Sunday, January 25, 2009


I was out at a farm to pregnancy check and "Bangs" (Brucellosis) vaccinate some heifers. Things seemed to be moving along at an okay pace until we got one heifer that was just a little too impatient. As each heifer would come into the chute we would drop the tail gate so that the next heifer couldn't crowd in as well. This tail gate had a horizontal bar on the top and bottom and then vertical bars about 6 inches apart across the width of the gate. Well miss antsy just didn't have the desire to wait when the gate was dropped in front of her, reared up and stuck her legs over the top horizontal bar. Had this been all there probably would have been no problem as all she needed to do was pull her legs back down and she could stand quietly in the alley. Instead she jumped up stuck both of her back legs through the gate and hooked them over the bottom horizontal bar. Now we had a 700 lb heifer hanging on the back gate of the chute like a monkey. Of course, she was not complacent in her position and after a few seconds of the monkey-cling she began thrashing around. With no room to go forward and all four legs hung up on the gate there was only one option...backwards. Yes, she flipped herself completely onto her back on the ground, wedged between the sides of the alley. Then, like one pig waits for another at the feed trough, the next heifer in the row immediately proceeded to walk right on top of this upside-down heifer to try and push her way into the chute.

Fortunately for me we actually had several people there helping and after we got all of the other heifers out of the chute and alley we devised a plan to get our wedged turtle out as well. We fashioned a rope halter out of a lariat and while one man lifted and pushed on her head, the other three of us pulled on the rope and we were able to flip the heifer back over in the reverse direction that she had just gone. No worse for wear we finished the job and everyone was happy.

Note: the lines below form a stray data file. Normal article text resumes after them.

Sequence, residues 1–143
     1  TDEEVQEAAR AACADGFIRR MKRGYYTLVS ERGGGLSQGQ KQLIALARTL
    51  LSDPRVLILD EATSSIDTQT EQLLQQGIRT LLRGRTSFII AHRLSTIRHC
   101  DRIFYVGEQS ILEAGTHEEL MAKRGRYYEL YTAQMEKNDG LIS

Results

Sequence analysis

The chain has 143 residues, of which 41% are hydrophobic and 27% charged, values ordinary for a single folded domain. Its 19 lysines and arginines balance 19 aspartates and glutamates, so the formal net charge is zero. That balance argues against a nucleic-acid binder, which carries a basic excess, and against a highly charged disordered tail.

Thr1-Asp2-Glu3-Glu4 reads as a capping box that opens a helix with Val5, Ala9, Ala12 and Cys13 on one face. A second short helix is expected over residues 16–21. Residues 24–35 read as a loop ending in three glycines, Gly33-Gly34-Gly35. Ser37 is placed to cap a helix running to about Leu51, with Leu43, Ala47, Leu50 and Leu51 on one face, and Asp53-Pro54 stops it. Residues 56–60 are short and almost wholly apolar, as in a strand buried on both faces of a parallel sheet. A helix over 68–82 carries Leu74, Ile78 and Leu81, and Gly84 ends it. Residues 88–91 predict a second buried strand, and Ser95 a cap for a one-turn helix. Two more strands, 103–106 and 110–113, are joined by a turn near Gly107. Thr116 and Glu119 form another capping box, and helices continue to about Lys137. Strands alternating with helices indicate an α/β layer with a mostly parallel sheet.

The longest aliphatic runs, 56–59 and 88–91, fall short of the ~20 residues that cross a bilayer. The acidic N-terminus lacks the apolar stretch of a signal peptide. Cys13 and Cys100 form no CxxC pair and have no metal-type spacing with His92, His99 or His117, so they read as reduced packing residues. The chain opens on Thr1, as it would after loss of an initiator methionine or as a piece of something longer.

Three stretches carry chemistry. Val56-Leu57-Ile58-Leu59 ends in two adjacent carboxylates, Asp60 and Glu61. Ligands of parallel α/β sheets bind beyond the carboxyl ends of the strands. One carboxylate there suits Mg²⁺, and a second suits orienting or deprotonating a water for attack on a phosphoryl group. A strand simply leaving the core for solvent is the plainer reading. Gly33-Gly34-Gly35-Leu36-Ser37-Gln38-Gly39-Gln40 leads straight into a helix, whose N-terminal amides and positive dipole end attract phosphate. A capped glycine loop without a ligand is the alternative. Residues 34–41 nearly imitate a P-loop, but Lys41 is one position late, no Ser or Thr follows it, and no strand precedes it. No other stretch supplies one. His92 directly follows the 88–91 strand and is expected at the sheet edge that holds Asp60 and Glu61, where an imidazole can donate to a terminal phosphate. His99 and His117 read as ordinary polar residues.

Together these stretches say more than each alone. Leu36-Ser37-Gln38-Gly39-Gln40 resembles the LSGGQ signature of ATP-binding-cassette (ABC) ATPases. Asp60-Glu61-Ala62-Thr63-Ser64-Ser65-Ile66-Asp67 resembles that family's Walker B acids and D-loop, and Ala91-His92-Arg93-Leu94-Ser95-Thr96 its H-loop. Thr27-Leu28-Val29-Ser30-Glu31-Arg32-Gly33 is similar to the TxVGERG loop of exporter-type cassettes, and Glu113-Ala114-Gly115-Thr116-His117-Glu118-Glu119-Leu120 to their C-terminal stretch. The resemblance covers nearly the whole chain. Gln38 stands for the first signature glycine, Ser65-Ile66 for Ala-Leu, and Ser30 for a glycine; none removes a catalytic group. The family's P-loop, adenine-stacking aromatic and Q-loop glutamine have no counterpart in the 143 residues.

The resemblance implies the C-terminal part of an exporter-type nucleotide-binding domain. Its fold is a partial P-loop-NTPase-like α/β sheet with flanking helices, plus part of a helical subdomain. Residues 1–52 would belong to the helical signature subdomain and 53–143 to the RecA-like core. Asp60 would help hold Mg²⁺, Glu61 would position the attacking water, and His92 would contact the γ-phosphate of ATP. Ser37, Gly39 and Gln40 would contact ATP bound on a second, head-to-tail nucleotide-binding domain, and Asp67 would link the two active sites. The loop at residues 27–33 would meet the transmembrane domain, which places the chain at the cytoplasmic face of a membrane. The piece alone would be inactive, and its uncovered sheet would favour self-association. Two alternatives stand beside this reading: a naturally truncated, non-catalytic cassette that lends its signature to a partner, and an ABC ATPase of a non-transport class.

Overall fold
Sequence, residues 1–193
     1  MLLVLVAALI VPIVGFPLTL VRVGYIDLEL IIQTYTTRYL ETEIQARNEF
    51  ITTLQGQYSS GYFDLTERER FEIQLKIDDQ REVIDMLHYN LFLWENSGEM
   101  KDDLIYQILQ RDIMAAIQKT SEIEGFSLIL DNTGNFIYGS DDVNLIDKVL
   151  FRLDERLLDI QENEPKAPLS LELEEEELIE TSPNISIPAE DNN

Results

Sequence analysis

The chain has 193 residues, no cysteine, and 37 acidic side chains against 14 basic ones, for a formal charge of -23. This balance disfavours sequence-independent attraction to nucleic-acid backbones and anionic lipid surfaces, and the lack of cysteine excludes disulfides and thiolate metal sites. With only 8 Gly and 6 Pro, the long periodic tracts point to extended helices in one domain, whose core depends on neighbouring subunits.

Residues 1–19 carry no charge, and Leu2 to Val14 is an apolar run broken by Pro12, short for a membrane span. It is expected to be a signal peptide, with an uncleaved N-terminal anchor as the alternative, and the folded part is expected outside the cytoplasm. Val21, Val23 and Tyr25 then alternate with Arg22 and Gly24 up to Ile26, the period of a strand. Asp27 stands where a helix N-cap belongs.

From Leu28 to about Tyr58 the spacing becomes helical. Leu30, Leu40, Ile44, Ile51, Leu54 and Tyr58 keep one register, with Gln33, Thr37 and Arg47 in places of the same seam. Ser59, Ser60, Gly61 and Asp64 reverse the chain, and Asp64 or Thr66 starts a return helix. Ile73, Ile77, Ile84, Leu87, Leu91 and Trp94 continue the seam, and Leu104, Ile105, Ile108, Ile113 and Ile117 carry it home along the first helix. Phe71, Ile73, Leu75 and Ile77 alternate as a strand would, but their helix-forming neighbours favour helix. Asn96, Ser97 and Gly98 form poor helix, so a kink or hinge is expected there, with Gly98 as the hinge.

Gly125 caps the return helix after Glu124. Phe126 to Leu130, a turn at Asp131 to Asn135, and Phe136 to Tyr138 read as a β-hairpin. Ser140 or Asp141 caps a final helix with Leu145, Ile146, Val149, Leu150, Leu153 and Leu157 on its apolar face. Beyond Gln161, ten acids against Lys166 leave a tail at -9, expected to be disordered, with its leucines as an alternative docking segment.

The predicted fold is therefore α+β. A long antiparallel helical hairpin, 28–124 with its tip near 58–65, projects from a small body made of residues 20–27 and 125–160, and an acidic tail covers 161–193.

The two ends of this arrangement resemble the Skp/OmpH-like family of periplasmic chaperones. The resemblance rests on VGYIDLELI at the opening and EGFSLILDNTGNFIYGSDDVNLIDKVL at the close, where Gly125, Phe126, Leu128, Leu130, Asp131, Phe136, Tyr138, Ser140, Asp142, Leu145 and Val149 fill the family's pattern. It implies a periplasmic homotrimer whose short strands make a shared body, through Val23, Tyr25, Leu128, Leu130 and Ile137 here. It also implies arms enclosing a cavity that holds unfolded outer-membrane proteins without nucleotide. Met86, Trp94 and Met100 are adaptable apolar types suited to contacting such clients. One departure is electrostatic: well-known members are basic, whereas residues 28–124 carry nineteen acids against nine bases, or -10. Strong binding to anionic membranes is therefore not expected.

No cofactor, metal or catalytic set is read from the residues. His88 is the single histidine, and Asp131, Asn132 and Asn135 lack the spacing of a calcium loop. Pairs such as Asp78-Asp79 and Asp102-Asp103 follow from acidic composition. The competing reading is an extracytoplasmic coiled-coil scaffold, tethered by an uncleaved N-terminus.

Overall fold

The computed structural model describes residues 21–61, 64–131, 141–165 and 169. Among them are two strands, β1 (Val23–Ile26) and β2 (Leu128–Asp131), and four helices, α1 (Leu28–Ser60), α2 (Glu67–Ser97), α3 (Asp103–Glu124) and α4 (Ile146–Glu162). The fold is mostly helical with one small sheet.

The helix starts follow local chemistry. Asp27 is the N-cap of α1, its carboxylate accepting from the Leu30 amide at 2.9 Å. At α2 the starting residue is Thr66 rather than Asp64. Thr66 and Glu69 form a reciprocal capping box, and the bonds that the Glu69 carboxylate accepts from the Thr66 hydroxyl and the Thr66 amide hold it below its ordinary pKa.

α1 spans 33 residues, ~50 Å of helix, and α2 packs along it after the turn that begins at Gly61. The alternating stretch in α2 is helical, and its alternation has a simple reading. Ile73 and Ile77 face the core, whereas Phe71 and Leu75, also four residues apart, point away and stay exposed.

When people say cows aren't athletic I think of experiences like this and just smile.

Thursday, January 15, 2009


One of the first questions that I asked before I came to North Dakota to visit was, "How bad are the winters really?" Now keep in mind that I grew up in Montana so a little cold doesn't frighten me. Unfortunately, the person who answered that question for me was also the one who was a transplant to North Dakota and had not been here that many years. His response was "Oh, they really aren't that bad; they are just like Montana winters".

When I came to interview it was the end of November and there was a storm the week I was here. It snowed a few inches, had some wind, and the temperature even dropped a few degrees below zero. Then after we had made the decision to take the job, we came out to house hunt in February. If you guessed that there was another snow storm you are very smart. It snowed several inches and got cold (down around O F again). We weren't too fussed about it after everyone reassured us that we had been here for about the only two storms for the winter, this was about as bad as it gets, and that North Dakota winters really hadn't been that bad for several years.

Fast forward to now. I realize that much of the country is experiencing really potent winter weather, but today's experience warranted some documentation. We are the veterinarians for two sale barns and our duties rotate among the doctors each month so we each get one day a month at each sale barn and they do not cancel due to weather. Today was my day. This morning was bitter much so that when we got gas on our way out of town several of the pumps were not working because they were frozen. As we were driving I was looking across the drifted white landscape and wondered out loud what our snow total was at. We are now at over 6 feet of snow for the year. With over 30 inches in December alone and only one day that came close to 32 degrees since the middle of November, all of the snow is still around. Up till now we have had cold days. However, a new record for ridiculous was set on our drive today. Just before arriving at the sale barn to start our day the thermometer read......
........-40 F !
What a great day to be a large animal vet that works outside!

Sunday, January 11, 2009